The garage is a most convenient place to store a freezer for its easy access from your backyard with all of the necessary snacks and meats every BBQ, birthday party, and other major celebration is contained. However, not all freezers are made equal. Some won’t be able to withstand the conditions of many garages.
Chest freezers are okay in garages that have conditions that are within 0-100°F (-17-43°C) in temperature, are perfectly dry, without humidity, and are away from any windows that would shine hot rays onto the freezer and especially the built-in thermometer.
Freezers, although sturdy appliances, have their preferred conditions, but if you don’t have a space that fits these parameters, there is a type of freezer for you that can withstand much higher and lower temperatures than most conventional chest freezers.
Ensure The Space Is Dry
When you are looking for a space in your garage to put your chest freezer, look for a location that will be dry all year long. In other words, don’t place it next to your water heating/cooling system.
But why does it matter if the chest freezer is around water or not? If your freezer is kept in a room with humid conditions, the warm and wet air will be drawn into the freezer, it will meet the cold air in the freezer and the evaporator coils, and it will begin to create condensation on the roof and walls of the chest freezer. With more and more frozen condensation collecting, the drain pan at the bottom will overflow and spill out across your floor once it does begin to thaw.
This can be an even bigger problem during the summer months if your freezer’s seals aren’t airtight. The condensation within can promote mold growth.
Consider The Weather
Freezers, whether they are chest freezers or tall freestanding freezers, are not fans of extreme weather in spite of their function. Freezers should be kept in areas where you are sure it won’t be any hotter than 110 degrees Fahrenheit (43°C) and no colder than 0°F (-17°C). The freezer just won’t work if it’s exposed to these conditions in your garage.
If your freezer is exposed to extreme heat the compressor within the freezer will be forced to work extremely hard to maintain the temperature within and keep the food cold.
The compressor is extremely vital in your freezer because it is supposed to control the circulation of the refrigerant by either adding pressure to heat the refrigerant up and allow it to become vapor, and also draws in the vapor from the evaporator so that a low temperature is maintained before sending the vapor to the condenser. But being run for too long will run it down.
On the other side of the spectrum, if your freezer experiences extreme cold, the built-in thermostat may get confused, think it’s cold enough, and turn off the freezer. The sub-zero atmosphere can also cause the coolants and lubricants to thicken up or freeze over, breaking the inner works of the freezer.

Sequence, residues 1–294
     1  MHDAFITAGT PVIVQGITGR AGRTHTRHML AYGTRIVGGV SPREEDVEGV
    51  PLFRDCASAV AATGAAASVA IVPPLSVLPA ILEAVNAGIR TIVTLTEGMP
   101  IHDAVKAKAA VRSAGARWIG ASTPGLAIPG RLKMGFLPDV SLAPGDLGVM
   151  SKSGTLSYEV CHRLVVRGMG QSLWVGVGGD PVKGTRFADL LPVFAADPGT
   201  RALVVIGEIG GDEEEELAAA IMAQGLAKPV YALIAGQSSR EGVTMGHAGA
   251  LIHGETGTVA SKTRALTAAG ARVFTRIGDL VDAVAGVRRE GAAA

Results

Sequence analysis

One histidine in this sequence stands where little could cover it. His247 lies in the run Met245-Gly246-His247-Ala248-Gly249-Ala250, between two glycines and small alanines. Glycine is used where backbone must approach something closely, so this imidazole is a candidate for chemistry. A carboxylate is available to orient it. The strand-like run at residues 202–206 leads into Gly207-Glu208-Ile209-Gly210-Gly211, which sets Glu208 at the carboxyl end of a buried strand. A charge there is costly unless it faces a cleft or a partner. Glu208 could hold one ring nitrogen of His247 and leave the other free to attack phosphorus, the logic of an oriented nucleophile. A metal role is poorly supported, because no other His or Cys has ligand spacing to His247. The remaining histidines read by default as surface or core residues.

To avoid these problems and damages, put your freezer in a garage that is properly insulated and, if possible, comes with climate control like your house does.
Do You Need A Special Freezer?
It may be that you have no option but to put a chest freezer in a location that will face these undesirable conditions, but don’t give up hope! There are specially designed freezers, known as garage-ready freezers that are built to withstand temperatures reaching 110°F (43°C) and as low as 0°F (-17°C).
You’ll know which freezers these are because they will come with a marketing tag inside them describing them as garage-ready freezers. They keep the refrigerant in the form of a liquid by a small heater to keep the freezer going in conditions where regular freezers would have their refrigerants thickening.
These freezers are so handy that you might be tempted to just use one in your house, but don’t. Specially designed freezers need special conditions. Putting it in the house would keep the compressor working too hard to keep everything cold and run it down too quickly. And those compressors are not cheap to replace.
Refrigerators Are Different
What about refrigerators? Can they go in the garage? A refrigerator has both a fridge and a freezer and requires certain considerations.
For the most part, a refrigerator requires the same considerations as your freezer, but because the fridge part isn’t supposed to keep food frozen, it will have to work harder to maintain the right internal temperatures. So if your garage is uninsulated, you are effectively dooming your refrigerator.
Your refrigerator was designed for climate-controlled homes with an ambient air temperature of about 68°F (20°C). When a fridge is in a climate going below 50°F (10°C) you can expect the same malfunctions a freezer would have.